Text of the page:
Your Guide to Saskatchewan’s Stunning Prince Albert National Park

Explore the gem of Northern Saskatchewan—Prince Albert National Park. Camping, hiking, paddling and more!

Lauren Markewicz is encouraging us to think small. Our group is privileged to have Prince Albert National Park’s Interpretation Team Supervisor—a self-proclaimed nature-nerd and an engaging speaker—show us around Boundary Bog Trail. But here, small doesn’t quickly come to mind.

Set upon a natural transition zone in northern Saskatchewan, Prince Albert National Park preserves 3,875 square-kilometres of valuable forest, lakes, rivers, grasslands, wetlands and just about every other ecosystem found in the province’s mid-boreal upland and boreal transition eco-regions. Two minutes after crossing the park boundary on Highway 263, we’d spotted a bull moose—a lumbering mammal that can reach 700 kilograms and carry an impressive crown of antlers on its elongated cranium.

Then came the elk—bulls and their harems of cows—as well as burly white-tailed deer too numerous to count. On the park’s remote west side, plains bison roam free—impressive brutes that can top 800 kilograms. Heck, even the beaver lodges are massive.

There are 150 kilometres of marked hiking trails, nine officially designated paddling routes, five drive-in campgrounds, 15 backcountry campgrounds and a plenitude of accessible sandy beaches. Easy-access Waskesiu Lake is 25 kilometres end-to-end, more remote Crean Lake covers some 100 square-kilometres, Kingsmere Lake is about 50 square-kilometres and we haven’t even touched on park’s dozens of other waterbodies.

So small isn’t an adjective I’d thought of.

But as we entered the tall black spruce of Boundary Bog Trail, Markewicz points decidedly downward.

“It’s called ‘Fairy Puke Lichen,’” she says, gesturing at miniscule blotches of crusty, mint-green plant-life spotting the forest floor. (Scientists know it as Icmadophila ericetorus, but Fairy Puke is both more evocative, and accurate.)

Up next, various colourful fungi growing in fertile soil—some edible, some poisonous, neither matter as you can’t harvest in a national park anyway. Markewicz claims she’s a mushroom-nerd, too. And a bird-nerd. And a bison-nerd.

Ahead, we see a squirrel midden some 30 years in the making. These industrious critters have discarded nutshells and plant debris here since the 1980s, creating an impressive pile of detritus that becomes obvious only when pointed out. Had I been still entranced by the tall dancing jackpines and dark-fronded spruce, I’d have missed this natural relic.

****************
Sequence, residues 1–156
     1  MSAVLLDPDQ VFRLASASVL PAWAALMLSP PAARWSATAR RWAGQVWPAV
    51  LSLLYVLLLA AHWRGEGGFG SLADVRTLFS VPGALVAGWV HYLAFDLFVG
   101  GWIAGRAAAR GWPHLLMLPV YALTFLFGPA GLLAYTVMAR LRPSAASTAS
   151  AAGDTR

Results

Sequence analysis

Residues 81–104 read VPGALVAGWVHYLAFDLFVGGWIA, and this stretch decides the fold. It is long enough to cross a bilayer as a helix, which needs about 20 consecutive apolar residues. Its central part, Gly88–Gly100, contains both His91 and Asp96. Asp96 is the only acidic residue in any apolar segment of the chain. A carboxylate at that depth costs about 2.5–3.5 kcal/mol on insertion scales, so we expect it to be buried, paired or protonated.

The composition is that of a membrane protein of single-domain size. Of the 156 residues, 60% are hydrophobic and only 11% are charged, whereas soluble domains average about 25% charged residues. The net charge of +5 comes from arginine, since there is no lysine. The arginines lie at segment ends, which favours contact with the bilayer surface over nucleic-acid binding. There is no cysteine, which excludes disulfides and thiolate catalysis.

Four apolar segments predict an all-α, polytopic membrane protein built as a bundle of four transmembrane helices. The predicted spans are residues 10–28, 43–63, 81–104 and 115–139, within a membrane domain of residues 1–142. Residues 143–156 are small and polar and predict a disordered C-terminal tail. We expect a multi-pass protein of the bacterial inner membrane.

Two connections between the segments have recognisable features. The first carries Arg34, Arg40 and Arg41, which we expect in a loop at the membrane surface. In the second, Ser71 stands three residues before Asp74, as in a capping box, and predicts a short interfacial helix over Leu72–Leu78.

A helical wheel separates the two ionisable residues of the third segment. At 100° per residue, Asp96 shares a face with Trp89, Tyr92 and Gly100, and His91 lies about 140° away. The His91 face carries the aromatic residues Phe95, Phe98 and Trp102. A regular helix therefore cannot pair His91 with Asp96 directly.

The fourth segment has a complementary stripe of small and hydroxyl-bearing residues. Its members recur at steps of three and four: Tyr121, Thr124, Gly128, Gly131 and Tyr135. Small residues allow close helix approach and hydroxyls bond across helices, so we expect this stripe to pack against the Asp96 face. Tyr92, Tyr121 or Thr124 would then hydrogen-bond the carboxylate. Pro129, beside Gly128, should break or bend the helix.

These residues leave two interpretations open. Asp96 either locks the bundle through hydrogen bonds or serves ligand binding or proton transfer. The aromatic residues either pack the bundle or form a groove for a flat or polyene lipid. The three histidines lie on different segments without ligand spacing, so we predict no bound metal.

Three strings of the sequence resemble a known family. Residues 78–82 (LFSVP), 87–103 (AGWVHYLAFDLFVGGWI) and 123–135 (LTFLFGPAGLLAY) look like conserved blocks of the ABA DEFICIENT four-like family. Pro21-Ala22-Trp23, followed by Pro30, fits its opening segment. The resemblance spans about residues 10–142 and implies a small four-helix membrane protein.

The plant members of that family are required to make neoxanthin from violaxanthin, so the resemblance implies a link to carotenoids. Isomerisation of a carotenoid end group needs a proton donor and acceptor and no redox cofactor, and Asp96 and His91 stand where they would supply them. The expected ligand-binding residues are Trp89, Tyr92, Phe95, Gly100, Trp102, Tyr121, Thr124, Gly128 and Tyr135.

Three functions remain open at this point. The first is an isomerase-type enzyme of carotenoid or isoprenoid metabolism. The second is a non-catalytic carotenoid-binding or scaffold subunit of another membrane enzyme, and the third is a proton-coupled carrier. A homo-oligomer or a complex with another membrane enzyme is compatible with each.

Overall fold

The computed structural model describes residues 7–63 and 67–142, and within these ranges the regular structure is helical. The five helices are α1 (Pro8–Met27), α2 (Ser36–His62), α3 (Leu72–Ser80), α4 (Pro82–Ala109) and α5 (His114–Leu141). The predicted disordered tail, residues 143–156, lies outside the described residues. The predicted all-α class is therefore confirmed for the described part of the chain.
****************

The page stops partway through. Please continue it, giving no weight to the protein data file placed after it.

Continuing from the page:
Boundary Bog’s main attraction is a forest of tamarack trees surrounding its namesake bog. But among the expanse of autumn-gold tamaracks—the only conifer in Canada to lose its needles come fall—our guide once again points to the ground to help us spot pitcher plants, carnivorous flora recognizable by a red hue and cupped bowls of insect-doom. Ahead, a spruce grouse beats its wings and glares at us with disapproval.

With so much to inspect, the two-kilometre trail takes us more than 90 minutes to complete. It’s a worthy jaunt just for the fresh air and exercise—but really comes to life when, like our interpreter suggests, you think small.

Prince Albert National Park has a sublime quality that’s hard to define until you trod its trails, breathe the spruce-scented air and shiver in its cool winds. It’s so rich with wildlife you stop counting deer after day one and elk after day two. It’s lovely year-round—summer is lively and in the frigid depths of winter you can ski, snowshoe and watch aurora borealis. But during the shoulder seasons, it’s particularly serene.

Discover the Best of Prince Albert National Park (and the town of Waskesiu, located in the park) this year:

Day Hikes

Start with these four gems. There are plenty more to explore when you’re done:

Boundary Bog

Length: 2 km

Difficulty: Easy

Wander through a dense spruce forest, past a bird-watchers’ lookout to an expansive boreal bog ecosystem, rich with tamarack trees and pitcher plants. In autumn, the tamaracks are a sea of gold.

Mud Creek Trail

Length: 2 km

Difficulty: Easy

Like a highlight reel of the park, this short walk starts with an expansive view of Waskesiu Lake before leading through stands of evergreens and deciduous trees, past the meandering Mud Creek—with its mountain of a beaver lodge—and back again.